Idea: Direct Drive Sim Racing Wheel


#1

Hi there,

has anyone looked into using oDrive to build a “Direct Drive Sim Racing Wheel”?

There are a couple of great DIY projects around using Granite Devices Argon/simuCube and Ioni servo drivers. The quality (fidelity and smoothness) seems to be very good. The price tag or servo driver and servo is around €650,-.


https://granitedevices.com/wiki/About_SimuCUBE

Would it be possible to use oDrive as a replacement for Argon/simuCube + Ioni and source a less expensive brushless motor without sacrificing quality?

Regards

-jay


#2

I think ODrive should be capable to run a racing wheel simulator very well. We may need some firmware tweaks to get it to interface nicely with whatever simulation software is running on the PC, but in terms of motor control it should work as well as an industrial drive.

One thing that may be worth spending some money on is to get a motor with low cogging torque, since that will probably be quite noticeable in a haptics application like this. We do have the experimental anti-cogging implementation, and it will be interesting to see what that can do once it matures. But yeah a better motor will still be better.


#3

Hi @madcowswe ,

thank you for your reply.

There is some software/hardware combo to interface the simulation SW on the PC to a servo driver.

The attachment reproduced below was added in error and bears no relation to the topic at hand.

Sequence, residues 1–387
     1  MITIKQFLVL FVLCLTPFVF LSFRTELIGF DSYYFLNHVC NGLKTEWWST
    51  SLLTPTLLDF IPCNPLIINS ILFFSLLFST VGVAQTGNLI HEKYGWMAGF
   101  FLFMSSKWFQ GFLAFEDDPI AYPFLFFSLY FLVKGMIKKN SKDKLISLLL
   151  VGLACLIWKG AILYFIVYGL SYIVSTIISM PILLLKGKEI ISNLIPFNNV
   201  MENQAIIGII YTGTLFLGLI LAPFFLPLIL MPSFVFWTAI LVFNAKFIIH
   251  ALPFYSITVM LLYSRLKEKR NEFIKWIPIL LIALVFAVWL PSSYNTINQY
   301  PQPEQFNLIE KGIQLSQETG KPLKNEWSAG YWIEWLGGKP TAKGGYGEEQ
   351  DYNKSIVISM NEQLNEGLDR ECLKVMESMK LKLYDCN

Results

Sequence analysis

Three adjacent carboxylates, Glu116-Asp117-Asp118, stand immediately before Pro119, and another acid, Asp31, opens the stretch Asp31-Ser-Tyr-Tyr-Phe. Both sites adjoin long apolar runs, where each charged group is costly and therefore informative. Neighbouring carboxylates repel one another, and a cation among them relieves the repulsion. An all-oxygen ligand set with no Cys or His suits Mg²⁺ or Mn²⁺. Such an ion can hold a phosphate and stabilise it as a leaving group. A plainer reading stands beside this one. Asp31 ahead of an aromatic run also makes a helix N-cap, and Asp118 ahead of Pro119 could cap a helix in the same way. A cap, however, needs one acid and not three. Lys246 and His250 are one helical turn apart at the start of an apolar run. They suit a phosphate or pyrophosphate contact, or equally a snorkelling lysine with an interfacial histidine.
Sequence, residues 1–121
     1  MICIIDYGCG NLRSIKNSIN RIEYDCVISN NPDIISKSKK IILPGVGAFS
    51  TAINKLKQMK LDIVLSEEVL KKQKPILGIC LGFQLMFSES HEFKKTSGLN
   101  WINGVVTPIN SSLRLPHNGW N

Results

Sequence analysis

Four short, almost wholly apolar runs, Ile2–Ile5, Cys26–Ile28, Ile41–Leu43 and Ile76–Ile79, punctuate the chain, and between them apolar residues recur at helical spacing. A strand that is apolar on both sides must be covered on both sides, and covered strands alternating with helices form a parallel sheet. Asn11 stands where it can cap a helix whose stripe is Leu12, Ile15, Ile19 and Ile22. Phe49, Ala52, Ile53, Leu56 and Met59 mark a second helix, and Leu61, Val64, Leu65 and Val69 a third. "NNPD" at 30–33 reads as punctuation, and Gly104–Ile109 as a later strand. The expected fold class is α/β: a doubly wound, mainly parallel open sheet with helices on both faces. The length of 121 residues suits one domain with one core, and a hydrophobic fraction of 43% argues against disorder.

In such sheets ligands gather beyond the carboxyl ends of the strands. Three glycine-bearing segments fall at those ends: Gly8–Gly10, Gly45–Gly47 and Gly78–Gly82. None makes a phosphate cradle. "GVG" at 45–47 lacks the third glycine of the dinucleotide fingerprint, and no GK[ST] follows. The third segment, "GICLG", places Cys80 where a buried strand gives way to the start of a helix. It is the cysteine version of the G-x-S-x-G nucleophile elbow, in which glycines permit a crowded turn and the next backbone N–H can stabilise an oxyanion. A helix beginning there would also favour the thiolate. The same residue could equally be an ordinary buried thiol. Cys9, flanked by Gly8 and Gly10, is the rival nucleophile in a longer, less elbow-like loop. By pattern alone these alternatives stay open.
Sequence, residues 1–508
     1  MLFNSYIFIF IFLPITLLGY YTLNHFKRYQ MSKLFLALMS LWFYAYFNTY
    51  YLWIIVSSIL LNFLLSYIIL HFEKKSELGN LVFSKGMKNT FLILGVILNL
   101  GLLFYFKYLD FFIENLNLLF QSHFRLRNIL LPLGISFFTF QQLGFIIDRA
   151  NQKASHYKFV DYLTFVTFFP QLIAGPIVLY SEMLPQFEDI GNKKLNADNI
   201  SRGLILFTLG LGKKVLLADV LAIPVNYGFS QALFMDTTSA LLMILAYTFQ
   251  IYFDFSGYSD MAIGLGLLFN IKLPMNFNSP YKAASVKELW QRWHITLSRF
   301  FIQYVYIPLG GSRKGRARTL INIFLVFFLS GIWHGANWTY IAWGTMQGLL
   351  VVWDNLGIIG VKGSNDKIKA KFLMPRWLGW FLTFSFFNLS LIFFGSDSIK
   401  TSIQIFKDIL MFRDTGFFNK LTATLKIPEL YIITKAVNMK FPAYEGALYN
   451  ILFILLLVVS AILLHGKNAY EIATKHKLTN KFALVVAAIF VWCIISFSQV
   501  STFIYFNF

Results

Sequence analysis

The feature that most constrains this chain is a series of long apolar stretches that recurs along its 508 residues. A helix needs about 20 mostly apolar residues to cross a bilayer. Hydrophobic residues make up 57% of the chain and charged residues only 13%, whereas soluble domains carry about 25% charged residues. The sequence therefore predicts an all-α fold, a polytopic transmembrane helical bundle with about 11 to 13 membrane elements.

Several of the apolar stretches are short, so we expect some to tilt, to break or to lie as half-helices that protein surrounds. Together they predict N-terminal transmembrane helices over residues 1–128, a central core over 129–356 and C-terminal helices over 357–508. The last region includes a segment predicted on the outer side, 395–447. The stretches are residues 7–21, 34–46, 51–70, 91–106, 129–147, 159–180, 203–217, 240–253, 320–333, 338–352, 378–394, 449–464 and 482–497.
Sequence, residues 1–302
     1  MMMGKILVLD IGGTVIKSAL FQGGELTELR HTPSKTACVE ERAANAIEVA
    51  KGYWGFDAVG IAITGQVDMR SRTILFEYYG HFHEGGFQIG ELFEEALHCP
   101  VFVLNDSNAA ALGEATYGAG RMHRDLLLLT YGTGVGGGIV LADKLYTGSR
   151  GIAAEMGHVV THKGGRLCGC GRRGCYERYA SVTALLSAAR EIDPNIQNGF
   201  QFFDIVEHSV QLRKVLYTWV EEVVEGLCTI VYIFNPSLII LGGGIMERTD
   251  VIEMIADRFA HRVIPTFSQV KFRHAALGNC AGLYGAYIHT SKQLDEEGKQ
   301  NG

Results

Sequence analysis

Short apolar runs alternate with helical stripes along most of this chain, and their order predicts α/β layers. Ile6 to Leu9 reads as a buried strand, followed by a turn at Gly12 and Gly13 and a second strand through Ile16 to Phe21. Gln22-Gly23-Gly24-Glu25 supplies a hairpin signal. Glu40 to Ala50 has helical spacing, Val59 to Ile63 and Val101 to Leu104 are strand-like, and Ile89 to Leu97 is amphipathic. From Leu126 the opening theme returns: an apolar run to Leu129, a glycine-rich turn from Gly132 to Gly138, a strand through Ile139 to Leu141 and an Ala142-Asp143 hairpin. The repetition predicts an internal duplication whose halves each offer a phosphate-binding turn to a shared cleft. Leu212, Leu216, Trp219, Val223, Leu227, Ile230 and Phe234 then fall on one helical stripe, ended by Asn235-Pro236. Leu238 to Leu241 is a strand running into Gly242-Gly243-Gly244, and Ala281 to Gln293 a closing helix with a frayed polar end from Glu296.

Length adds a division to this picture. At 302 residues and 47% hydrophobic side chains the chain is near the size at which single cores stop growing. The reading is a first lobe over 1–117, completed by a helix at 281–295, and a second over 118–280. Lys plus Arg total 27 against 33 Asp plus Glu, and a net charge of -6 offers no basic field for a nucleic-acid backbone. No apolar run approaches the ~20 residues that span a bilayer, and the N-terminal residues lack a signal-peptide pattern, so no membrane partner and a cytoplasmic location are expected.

https://forum.virtualracing.org/showthread.php/92420-DIY-USB-Force-Feedback-Controller
The site is in german, sorry.

This SW uses an STM32F407Discovery board as interface to the PC and the simulation. The HW/SW combo registers as a HID on the PC. It processes the force feedback information from the simulation for the steering wheel and transforms it to either of three output modes:

  • mode 1: PWM 0-50-100%
  • mode 2: PWM & Dir
  • mode 3: 4 x PWM for H-Bridge
    Can one of this output modes be used by oDrive?

You are absolutely right about the cogging. That’s a major issue to get a smooth movement. Any ideas on what motor to use? What would be a sensible choice considering cost, smoothness and fidelity? (The torque people are achieving with the builds stated in my original post is 15-20Nm. But around 10Nm would be plenty I guess.)
Yeah, and the anti-cogging implementation would improve the haptics.

Kind Regards

-jay


#4

There are two options: One would be to use the ODrive’s usb connection directly, and interface it to the simulation program. Otherwise, you can use Mode 1 once we finish the correpsonding feature.

For that kind of torque, the hoverboard wheels are pretty good option, and they’re not even that coggy.